Companies are divided between giving their employees the green light to use smart new personal technologies at work or banning them for security and productivity reasons. Some companies are tapping into this personal-computing revolution and the business efficiency and agility likely to flow from an influx of new consumer technologies into their businesses. Those that do need to update their policies and security mechanisms to reflect their new risk profiles.

Mobile devices are becoming important sources of evidence in litigation as more and more data is dispersed to devices and the cloud.  Lawyers are increasingly turning to technical experts to help map the data landscape and select those sources most likely to contain relevant evidence and extract it cost-effectively.

4. Practice Direction 31B

Practice direction, 31B on the disclosure of electronic documents in civil litigation came into effect in England and Wales in October 2010 and was still being widely discussed in 2011. The new Practice Direction aims to encourage and assist litigating parties to reach agreement on the disclosure of electronic documents by exchanging information at an early stage.  The use of technology and techniques to reduce the scope and burden of e-disclosure is also strongly encouraged.

An Electronic Documents Questionnaire was provided as a means of exchanging information in a structured way. In 2011, the Questionnaire has been used voluntarily in certain cases and parties have also been ordered by the Court to use it.  In the year since its introduction, the Questionnaire has been positively received and seems to be working well. Whilst use of the Questionnaire is not compulsory and not yet widespread, it is anticipated that it will be adopted and its exchange will become a standard feature of litigation as lawyers begin to see the value in using it.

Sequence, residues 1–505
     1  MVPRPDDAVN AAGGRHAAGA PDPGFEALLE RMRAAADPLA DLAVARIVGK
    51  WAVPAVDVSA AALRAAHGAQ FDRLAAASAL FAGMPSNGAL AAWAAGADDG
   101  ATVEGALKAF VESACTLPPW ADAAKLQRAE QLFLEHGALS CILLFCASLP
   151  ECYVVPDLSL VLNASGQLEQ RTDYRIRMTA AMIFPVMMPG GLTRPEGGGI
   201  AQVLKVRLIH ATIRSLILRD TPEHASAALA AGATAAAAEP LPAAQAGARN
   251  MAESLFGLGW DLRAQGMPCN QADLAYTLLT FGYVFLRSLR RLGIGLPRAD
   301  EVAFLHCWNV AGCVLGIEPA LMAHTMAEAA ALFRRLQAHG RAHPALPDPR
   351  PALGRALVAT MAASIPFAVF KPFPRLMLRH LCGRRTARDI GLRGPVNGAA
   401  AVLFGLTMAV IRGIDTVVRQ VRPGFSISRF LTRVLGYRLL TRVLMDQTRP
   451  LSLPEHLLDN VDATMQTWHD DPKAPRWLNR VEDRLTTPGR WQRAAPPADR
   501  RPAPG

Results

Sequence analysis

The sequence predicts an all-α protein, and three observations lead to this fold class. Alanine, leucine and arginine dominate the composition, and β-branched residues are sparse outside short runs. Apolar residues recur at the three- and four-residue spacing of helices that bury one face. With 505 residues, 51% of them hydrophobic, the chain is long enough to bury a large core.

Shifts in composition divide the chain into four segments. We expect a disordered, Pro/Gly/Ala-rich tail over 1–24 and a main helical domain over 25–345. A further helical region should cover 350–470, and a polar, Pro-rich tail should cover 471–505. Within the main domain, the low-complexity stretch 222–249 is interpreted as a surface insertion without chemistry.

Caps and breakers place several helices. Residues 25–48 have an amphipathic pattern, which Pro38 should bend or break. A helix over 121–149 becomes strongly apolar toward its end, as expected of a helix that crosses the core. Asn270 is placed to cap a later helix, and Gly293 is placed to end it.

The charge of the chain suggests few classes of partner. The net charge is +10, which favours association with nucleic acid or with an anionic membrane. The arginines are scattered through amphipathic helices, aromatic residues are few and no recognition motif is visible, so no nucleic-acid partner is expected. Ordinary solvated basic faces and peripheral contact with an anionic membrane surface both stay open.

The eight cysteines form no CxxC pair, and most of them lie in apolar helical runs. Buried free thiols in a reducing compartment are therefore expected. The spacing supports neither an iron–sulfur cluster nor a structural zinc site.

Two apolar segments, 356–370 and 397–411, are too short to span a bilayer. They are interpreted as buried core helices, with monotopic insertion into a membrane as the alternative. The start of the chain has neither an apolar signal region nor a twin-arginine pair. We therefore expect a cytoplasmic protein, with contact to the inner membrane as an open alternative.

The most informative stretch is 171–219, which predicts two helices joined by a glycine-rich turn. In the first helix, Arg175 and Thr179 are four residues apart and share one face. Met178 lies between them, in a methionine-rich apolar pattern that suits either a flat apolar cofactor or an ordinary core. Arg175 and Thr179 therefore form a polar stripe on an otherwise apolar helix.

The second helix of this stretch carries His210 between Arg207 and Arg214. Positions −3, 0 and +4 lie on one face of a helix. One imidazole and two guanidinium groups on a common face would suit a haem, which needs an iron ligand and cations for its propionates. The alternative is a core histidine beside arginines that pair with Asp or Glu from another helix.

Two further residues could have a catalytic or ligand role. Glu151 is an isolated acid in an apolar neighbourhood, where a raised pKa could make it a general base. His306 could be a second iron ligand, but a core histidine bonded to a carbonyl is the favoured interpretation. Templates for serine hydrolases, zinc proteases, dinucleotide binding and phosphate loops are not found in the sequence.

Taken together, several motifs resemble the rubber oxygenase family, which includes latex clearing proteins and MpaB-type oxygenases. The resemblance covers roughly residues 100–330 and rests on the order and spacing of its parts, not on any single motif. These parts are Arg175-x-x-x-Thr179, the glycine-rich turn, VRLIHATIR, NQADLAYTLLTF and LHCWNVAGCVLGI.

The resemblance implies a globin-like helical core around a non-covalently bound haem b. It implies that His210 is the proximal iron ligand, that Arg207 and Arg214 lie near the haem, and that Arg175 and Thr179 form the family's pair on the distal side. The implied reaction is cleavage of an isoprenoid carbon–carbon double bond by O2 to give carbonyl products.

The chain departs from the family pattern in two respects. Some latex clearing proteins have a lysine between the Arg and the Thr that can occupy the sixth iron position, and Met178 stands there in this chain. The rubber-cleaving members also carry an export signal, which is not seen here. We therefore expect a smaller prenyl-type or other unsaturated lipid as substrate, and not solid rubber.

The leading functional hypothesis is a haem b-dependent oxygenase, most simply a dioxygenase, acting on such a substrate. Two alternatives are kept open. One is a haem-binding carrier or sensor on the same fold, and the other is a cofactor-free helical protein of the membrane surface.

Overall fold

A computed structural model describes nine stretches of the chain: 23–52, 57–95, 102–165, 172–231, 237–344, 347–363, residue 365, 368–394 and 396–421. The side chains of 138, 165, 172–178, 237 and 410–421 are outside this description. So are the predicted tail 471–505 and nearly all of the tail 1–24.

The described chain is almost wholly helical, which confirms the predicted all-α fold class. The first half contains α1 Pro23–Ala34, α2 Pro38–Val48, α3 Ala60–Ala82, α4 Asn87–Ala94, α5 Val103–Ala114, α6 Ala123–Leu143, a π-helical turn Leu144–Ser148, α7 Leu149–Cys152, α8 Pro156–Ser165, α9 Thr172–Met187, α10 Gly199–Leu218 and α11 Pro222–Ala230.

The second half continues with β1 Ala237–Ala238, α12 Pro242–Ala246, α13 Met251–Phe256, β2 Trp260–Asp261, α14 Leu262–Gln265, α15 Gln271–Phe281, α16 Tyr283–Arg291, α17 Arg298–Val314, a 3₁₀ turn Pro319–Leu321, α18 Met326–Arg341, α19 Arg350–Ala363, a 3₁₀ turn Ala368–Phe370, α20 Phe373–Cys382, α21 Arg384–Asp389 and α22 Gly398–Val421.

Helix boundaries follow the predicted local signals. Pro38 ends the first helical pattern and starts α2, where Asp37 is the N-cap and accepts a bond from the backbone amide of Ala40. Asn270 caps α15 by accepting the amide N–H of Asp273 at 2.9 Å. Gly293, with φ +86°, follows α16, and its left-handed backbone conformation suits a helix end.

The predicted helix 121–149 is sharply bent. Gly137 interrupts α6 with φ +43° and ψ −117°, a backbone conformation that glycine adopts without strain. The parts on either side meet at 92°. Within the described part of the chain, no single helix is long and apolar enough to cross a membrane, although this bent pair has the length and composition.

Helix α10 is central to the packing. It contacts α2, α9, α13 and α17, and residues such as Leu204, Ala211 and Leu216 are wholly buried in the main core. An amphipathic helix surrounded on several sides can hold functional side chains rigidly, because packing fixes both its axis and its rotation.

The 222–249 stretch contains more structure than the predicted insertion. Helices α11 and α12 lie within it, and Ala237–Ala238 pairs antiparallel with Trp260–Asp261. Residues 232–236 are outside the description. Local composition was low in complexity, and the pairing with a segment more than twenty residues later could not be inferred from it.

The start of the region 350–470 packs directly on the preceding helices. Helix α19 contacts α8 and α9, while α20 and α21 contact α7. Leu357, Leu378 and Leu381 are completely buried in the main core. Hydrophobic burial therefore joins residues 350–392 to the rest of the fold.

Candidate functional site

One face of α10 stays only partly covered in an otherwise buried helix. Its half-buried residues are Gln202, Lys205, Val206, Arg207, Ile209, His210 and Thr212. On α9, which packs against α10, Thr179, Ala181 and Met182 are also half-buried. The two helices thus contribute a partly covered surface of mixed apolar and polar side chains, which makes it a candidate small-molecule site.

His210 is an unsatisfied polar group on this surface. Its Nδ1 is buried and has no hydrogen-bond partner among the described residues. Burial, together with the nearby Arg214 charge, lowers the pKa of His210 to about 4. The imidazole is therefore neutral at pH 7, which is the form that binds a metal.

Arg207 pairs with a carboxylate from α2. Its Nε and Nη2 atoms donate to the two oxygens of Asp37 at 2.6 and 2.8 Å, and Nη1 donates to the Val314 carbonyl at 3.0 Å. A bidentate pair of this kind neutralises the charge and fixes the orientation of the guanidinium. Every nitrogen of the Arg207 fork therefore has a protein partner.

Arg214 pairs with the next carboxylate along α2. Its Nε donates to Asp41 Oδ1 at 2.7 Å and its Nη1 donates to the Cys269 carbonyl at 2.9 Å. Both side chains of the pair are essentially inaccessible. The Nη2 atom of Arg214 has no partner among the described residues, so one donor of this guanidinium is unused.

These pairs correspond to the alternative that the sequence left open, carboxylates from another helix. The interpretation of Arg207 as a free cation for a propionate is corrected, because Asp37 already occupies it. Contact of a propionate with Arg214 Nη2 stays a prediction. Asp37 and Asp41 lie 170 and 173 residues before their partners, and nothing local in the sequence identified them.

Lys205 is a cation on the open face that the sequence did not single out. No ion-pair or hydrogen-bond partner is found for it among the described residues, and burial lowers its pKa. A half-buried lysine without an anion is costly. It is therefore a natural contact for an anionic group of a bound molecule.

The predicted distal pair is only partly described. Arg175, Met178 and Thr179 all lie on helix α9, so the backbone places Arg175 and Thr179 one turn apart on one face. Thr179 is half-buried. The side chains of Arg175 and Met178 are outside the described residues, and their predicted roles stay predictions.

5. Intelligent Review Technologies

The human review of documents in litigation is expensive and various new intelligent review technologies have emerged and been used in 2011 to reduce costs. Some of these learn from human reviewers and help focus lawyers on the priority documents first; others analyse the decisions made as lawyers classify documents and suggest categories for documents not yet read. And, some intelligent review technologies do both. The potential these new technologies have to keep litigation costs in check has been recognised by lawyers and judges alike.  Lawyers need to work out how to build these technologies into their work practices and keep an eye on best practices that are beginning to emerge on how to use them in a way that will withstand scrutiny by opponents and the courts.

“These developments have fundamentally impacted legal practice and we expect their effects to continue to be felt throughout 2012,” said Carey. “Key legal technology developments next year will include the increased use of Intelligent Review Technologies, such as prioritisation technology and predictive coding which reduce the burden of document review. We can also expect to see more attention paid to technology that supports preservation efforts and compliance with privacy laws. 1 October 2012 is the target date for the implementation of various costs reforms suggested by Lord Justice Jackson, including the introduction of a new formal “costs management process”. Lawyers will need to focus more on budgeting for litigation costs early on in the process and invest in software and training to support costs management.”

About Kroll Ontrack Inc.

Kroll Ontrack provides technology-driven services and software to help legal, corporate and government entities as well as consumers manage, recover, search, analyse, produce and present data efficiently and cost-effectively. In addition to its award-winning suite of software, Kroll Ontrack provides data recovery, data destruction, paper and electronic discovery, document review, computer forensics, secure information services, ESI and jury consulting, and trial presentation services. Kroll Ontrack is the technology services division of Kroll Inc., the global risk consulting company. Kroll is a subsidiary of Altegrity, an industry-leading provider of information solutions.


1Gartner Says Social-Networking Services to Replace E-Mail as the Primary Vehicle for Interpersonal Communications for 20 Percent of Business Users by 2014